interested individuals and organisations to respond to any or all of the following
questions. Respondents are also welcome to comment on the options outlined
above or on any other issues relevant to the terms of reference. Information on how
to make a submission is set out at the beginning of this Issues Paper. It would be
helpful if respondents explained the reasons for their answers to the questions.
Issues for Consideration                                                                                                 59


The terms of reference are set out at page 1 of this Issues Paper. Respondents are
reminded that wider questions such as the right to claim compensation for wrongful
death, the loss for which compensation is available in a wrongful death claim, the
compensatory nature of damages in a wrongful death claim and the method of
payment of damages, and more general questions involving liability at common law
for negligence are outside the current terms of reference.


1.      Should the prospect that the surviving spouse267 of a person who has
        been wrongfully killed might enter into a new relationship of financially
        supportive cohabitation (whether a formal marriage or a de facto
        relationship) continue to be taken into account in the assessment of the
        surviving spouse’s damages in a wrongful death claim?

2.      If yes to (1), on what basis should the determination about the prospects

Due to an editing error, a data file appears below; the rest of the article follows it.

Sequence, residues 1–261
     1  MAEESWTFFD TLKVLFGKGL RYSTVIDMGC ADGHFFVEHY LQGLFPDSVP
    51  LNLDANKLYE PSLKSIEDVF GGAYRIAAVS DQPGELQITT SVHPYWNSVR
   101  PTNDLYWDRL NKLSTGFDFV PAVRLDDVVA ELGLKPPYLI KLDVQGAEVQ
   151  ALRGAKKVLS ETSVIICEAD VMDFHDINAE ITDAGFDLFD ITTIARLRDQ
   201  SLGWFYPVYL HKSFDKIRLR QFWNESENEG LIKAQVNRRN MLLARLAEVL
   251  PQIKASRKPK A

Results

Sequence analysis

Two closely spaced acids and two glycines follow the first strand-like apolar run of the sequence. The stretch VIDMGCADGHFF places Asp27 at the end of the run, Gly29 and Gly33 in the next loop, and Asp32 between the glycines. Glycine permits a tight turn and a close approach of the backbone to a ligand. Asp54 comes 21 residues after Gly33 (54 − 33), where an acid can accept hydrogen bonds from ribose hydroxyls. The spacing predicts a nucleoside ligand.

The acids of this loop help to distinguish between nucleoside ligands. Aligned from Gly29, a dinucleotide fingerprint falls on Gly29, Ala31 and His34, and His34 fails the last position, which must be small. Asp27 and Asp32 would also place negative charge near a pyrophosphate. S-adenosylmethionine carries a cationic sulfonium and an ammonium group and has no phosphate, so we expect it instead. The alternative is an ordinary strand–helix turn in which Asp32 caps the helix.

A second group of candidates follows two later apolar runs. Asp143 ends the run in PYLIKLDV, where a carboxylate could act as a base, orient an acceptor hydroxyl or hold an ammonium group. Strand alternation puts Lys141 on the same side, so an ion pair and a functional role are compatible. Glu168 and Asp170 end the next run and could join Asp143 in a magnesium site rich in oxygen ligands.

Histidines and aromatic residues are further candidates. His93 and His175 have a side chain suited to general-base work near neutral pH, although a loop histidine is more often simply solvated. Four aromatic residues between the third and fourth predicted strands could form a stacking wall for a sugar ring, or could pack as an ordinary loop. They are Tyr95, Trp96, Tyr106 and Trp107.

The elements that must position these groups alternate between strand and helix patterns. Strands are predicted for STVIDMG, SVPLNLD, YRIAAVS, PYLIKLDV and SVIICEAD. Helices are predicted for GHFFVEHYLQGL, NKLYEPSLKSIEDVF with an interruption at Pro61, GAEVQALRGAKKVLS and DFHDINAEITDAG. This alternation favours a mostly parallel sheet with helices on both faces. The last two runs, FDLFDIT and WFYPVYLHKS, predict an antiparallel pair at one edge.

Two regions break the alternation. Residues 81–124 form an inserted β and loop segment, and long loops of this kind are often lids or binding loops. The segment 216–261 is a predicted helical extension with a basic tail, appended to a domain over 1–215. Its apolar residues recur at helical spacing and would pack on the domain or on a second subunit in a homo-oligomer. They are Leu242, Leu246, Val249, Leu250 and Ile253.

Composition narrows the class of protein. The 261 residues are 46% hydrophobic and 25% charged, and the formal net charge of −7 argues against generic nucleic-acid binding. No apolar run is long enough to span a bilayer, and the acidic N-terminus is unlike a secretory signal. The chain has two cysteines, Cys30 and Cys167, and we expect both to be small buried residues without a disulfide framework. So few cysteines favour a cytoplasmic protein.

of entry into a new relationship be made?

3.      Should the fact that the surviving spouse of a person who has been
        wrongfully killed has entered into a new relationship of financially
        supportive cohabitation continue to be taken into account in the
        assessment of the surviving spouse’s damages in a wrongful death
        claim?

4.      Should the prospect that the marriage between a person who has been
        wrongfully killed and the person’s surviving spouse might have ended
        in separation or divorce be taken into consideration in the assessment
        of the surviving spouse’s damages in a wrongful death claim?

5.      If yes to (4), should there be a need to establish particular criteria
        indicating the prospect of the breakdown of the relationship and, if so,
        what factors would be sufficient?

6.      Should the prospect that a de facto relationship between a person who
        has been wrongfully killed and the person’s surviving partner might
        have broken down be taken into consideration in the assessment of the
        surviving partner’s damages in a wrongful death claim?

7.      If yes to (6), should there be a need to establish particular criteria
        indicating the prospect of the breakdown of the relationship and, if so,
        what factors would be sufficient?




267
        In this Issues Paper the term “spouse” is used to include a de facto partner. See also the definition of “spouse” in